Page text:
Sovereign Analysis /
Pakistan

Pakistan shows signs of progress on IMF programme

  • Pakistan has requested a 9-month programme extension and increased funding, with discussions continuing in May

  • Fuel and electricity subsidy cuts are a necessary precondition, with the government seemingly softening its resistance

  • Material upside to bonds if the programme is resumed, but the risk of a BOP crisis is high if not; retain Buy

Pakistan shows signs of progress on IMF programme
Patrick Curran
Hasnain Malik
Hasnain Malik

Strategy & Head of Equity Research

Tellimer Research
27 April 2022
Published by

Pakistan’s rupee and eurobonds have gained this week amid hope that its IMF programme will be restored, with newly appointed Finance Minister Miftah Ismail saying that the IMF has “largely agreed” to extend the existing programme from September 2022 to June 2023 after meetings last week in Washington D.C. The positive tone was echoed by an IMF statement, which cited “very productive meetings…over Pakistan’s economic developments and policies under the Extended Fund Facility (EFF) programme.”

Discussions on completing the 7th programe review, which has been delayed since the beginning of March after the previous government decided to reintroduce fuel and electricity subsidies, will resume during a staff visit to Pakistan in May. Ismael appears to have reversed his initial resistance to the immediate removal of fuel and electricity subsidies, with the IMF saying that “we agreed that prompt action is needed to reverse the unfunded subsidies which have slowed discussions for the 7th review.”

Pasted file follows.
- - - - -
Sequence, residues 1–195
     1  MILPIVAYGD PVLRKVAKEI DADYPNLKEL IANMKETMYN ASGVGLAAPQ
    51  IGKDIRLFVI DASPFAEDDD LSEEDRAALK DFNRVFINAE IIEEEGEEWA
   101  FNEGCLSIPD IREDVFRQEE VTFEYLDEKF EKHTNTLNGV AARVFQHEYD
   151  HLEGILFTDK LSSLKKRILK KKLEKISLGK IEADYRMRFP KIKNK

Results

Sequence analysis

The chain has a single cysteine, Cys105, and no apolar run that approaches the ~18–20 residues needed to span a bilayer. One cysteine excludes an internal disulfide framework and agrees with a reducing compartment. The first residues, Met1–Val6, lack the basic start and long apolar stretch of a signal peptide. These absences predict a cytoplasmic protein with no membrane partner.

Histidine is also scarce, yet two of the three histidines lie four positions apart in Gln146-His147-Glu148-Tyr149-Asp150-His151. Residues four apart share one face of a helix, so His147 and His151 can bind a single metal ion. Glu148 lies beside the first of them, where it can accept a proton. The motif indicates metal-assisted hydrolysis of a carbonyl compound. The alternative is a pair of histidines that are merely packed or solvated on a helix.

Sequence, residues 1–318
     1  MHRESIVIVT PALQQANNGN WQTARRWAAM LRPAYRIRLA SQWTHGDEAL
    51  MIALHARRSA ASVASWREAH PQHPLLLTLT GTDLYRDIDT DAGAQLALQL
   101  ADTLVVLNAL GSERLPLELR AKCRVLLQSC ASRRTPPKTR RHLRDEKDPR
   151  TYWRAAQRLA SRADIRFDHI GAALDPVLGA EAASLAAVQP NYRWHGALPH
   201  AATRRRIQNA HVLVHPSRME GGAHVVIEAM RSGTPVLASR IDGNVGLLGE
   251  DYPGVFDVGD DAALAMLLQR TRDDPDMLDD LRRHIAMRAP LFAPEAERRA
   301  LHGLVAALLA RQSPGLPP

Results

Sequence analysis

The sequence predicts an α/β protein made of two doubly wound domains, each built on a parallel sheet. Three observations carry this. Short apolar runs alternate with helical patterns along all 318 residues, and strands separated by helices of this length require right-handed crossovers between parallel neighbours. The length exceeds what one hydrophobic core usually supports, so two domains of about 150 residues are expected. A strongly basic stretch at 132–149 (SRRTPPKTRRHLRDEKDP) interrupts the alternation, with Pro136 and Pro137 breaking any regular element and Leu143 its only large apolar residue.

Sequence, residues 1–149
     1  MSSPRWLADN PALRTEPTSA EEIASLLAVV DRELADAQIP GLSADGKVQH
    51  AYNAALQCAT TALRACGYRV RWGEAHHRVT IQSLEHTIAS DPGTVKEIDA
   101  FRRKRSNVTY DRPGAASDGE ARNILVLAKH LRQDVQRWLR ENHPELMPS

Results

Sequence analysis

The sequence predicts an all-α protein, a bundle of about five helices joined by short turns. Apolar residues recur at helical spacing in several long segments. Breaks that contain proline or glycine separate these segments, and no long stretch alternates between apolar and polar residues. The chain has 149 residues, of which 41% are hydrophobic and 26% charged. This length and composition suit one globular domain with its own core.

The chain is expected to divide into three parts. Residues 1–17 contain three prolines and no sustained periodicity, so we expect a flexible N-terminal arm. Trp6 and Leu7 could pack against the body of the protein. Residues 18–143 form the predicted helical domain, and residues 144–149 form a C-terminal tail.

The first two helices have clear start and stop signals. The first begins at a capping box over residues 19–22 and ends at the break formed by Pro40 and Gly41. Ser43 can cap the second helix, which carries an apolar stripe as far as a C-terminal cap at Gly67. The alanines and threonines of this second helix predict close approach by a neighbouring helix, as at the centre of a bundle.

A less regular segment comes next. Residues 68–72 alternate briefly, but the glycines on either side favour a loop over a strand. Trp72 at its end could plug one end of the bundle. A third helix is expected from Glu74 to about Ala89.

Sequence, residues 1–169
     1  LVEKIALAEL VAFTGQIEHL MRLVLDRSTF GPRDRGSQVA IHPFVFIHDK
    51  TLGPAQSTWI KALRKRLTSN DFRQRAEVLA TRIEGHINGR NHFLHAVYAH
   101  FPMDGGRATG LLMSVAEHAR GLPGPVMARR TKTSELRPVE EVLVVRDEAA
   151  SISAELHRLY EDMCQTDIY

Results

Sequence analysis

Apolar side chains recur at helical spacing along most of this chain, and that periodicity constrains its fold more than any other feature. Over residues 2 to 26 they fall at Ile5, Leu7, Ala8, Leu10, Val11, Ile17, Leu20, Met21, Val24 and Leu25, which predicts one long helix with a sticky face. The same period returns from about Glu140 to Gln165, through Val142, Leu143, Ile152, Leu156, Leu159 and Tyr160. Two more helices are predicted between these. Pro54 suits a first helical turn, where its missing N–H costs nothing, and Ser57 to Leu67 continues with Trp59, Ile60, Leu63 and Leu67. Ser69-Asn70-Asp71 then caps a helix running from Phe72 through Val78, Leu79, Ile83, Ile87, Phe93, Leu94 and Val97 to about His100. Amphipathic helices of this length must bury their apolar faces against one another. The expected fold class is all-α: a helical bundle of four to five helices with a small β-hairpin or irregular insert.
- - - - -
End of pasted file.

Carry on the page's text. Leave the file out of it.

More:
While ousted Prime Minister Imran Khan continues to push for early elections at well-attended protests, a recent poll shows that the majority of Pakistanis are happy with his ouster and the military has seemingly downplayed his claims of a foreign conspiracy. Meanwhile, the newly minted government of Prime Minister Shehbaz Sharif has, as expected, placed a high priority on resuming the stalled IMF programme, with Ismail speaking of the need for “belt-tightening” and “budget discipline.”

Their rhetoric has been largely positive, despite some initial concerns that they would cut development spending rather than subsidies to achieve the required consolidation, a move that would likely fail to satisfy IMF conditions. However, with Khan keeping the political temperature high, there is no guarantee that the new government won’t revert to populist policies to maintain support (indeed, Ismael implemented tax cuts ahead of elections during his last brief stint as finance minister in 2018).

Approval of the 7th review would unlock another US$930mn disbursement (of the remaining US$2,875mn), and some reports suggest that the funding could be sized up alongside the extension. This would be a positive development in the context of alarmingly low reserves, which reached just US$10.9bn (1.6 months of goods and services imports and 7.5 months of external principal payments) on 16 April. Pakistan is also seeking bilateral support from partners like Saudi Arabia to ease its funding crunch.